Mr. Perenchio may have other reasons to sell (say, retiring to Bora-Bora to chase mosquitoes), but it is obvious that the television network, which mainly caters to first-generation Hispanics with voluptuous soap operas, cannot continue to expand in any major way unless it does something drastic. Introducing bilingual programming, for example, might expand Univision’s audience, but it also runs the risk of alienating its first-generation base. The challenge posed by a second generation that has turned away from the Spanish-language media—and not just competition for new electronic media—may be the reason why the network’s advertising revenue has recently been growing at about one third the rate of T.V. revenue in general.

Young, English-speaking Hispanics would rather watch reality shows like “The Real World’ and comedies like “George Lopez,” as a recent story in the New York Times pointed out, or listen to “Hurban” radio, a musical hybrid with which Clear Channel is now experimenting.

Of course, no group assimilates without impacting the host culture. But that has been the history of the United States. Every religious or ethnic group that became part of the U.S. nation enriched it without fundamentally altering the basic ideas that inform its institutions. Yes, Hispanics will influence U.S. culture, but it is also true that the prevailing culture, starting with the language, is influencing them a lot more! Many Hispanics appear to want to see their stories reflected in T.V. programming in English. I would be surprised if English-language T.V. networks did not factor that into their future plans. But those stories will be in English and will show Hispanics in the process of assimilating!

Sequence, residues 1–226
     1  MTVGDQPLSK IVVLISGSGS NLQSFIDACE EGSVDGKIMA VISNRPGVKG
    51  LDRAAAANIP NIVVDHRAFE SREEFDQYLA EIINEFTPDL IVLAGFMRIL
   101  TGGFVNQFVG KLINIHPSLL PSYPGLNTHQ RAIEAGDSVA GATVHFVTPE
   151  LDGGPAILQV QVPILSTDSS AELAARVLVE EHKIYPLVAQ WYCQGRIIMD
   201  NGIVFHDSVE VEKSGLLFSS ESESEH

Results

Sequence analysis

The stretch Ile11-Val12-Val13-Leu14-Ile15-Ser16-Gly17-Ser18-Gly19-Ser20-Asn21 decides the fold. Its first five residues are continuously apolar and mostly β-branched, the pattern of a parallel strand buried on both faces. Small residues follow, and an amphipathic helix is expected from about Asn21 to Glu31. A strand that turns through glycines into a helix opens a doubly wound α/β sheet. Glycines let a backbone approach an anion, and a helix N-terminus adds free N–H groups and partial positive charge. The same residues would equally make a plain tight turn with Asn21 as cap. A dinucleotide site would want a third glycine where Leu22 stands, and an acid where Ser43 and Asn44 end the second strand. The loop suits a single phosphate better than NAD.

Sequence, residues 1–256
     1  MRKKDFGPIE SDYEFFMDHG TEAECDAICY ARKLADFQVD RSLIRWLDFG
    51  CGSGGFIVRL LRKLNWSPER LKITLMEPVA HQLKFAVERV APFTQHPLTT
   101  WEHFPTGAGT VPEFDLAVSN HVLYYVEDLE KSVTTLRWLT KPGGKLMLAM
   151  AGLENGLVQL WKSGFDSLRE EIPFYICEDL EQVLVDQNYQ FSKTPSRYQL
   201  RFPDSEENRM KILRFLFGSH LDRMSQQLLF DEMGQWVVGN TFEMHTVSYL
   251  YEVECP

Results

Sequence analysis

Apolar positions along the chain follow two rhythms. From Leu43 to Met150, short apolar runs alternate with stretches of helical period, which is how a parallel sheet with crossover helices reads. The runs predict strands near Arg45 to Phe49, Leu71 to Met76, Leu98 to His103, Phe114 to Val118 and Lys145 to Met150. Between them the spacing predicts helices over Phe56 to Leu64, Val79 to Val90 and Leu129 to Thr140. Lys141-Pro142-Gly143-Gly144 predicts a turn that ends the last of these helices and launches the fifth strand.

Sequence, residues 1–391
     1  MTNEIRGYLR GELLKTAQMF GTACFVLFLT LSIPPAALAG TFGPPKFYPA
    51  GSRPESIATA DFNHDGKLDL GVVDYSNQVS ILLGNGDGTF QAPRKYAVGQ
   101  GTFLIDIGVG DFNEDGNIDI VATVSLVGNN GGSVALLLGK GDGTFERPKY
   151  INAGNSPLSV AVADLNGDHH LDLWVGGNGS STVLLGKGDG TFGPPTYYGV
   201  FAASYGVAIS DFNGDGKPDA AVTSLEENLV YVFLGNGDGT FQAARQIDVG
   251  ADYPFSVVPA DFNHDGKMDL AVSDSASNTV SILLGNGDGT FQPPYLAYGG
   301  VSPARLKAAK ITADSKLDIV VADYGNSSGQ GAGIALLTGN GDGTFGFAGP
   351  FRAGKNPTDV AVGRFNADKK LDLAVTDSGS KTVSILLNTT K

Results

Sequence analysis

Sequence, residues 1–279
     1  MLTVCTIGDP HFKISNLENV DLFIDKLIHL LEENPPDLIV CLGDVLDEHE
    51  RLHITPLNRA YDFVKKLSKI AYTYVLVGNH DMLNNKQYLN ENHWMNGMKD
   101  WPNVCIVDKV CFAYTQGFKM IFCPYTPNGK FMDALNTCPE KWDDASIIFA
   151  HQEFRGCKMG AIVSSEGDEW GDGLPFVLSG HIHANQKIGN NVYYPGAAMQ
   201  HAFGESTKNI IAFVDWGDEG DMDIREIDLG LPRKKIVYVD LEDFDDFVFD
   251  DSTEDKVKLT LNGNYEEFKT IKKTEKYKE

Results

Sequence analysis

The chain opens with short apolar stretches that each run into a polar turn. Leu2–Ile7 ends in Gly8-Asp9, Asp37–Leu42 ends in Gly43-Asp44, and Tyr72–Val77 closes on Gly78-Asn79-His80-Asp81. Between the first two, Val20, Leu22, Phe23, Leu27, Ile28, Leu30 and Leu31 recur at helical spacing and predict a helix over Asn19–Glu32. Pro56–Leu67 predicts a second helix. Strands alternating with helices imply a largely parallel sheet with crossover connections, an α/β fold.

Hispanics are not a threat to the identity of the nation. They are a confirmation that there is no such thing as one “national identity” in the U.S.—i.e. an identity that one group imposes on every other group. There is, rather, a flexible, porous culture that continually adopts new shapes within a basic set of institutions made up of liberal democracy, private enterprise, and the rule of law. Like other immigrant groups before them, Hispanics seem to be adapting to that creed while at the same time adding new layers to the complex prevailing culture.

Only sclerotic cultures are destined to die, Mr. Perenchio’s business notwithstanding.


Alvaro Vargas Llosa is Senior Fellow of The Center on Global Prosperity at The Independent Institute. He is a native of Peru and received his B.S.C. in international history from the London School of Economics. His Independent Institute books include Global Crossings: Immigration, Civilization, and America, Lessons From the Poor: Triumph of the Entrepreneurial Spirit, The Che Guevara Myth and the Future of Liberty, and Liberty for Latin America.

New from Alvaro Vargas Llosa!
GLOBAL CROSSINGS: Immigration, Civilization, and America

The erosion of national boundaries—and even the idea of the nation state—is already underway as people become ever more inter-connected across borders. A jungle of myth, falsehood and misrepresentation dominates the debate over immigration. The reality is that the economic contributions of immigration far outweigh the costs. Learn More »»